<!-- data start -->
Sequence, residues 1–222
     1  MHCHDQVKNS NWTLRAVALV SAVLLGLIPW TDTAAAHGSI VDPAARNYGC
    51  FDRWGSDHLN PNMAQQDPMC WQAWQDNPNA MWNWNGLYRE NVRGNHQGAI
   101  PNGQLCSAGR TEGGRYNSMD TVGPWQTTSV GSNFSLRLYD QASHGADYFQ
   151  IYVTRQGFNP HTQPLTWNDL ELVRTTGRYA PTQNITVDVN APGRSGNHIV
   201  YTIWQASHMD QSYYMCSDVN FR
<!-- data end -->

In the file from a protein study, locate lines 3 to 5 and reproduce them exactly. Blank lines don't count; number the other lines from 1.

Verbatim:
    51  FDRWGSDHLN PNMAQQDPMC WQAWQDNPNA MWNWNGLYRE NVRGNHQGAI
   101  PNGQLCSAGR TEGGRYNSMD TVGPWQTTSV GSNFSLRLYD QASHGADYFQ
   151  IYVTRQGFNP HTQPLTWNDL ELVRTTGRYA PTQNITVDVN APGRSGNHIV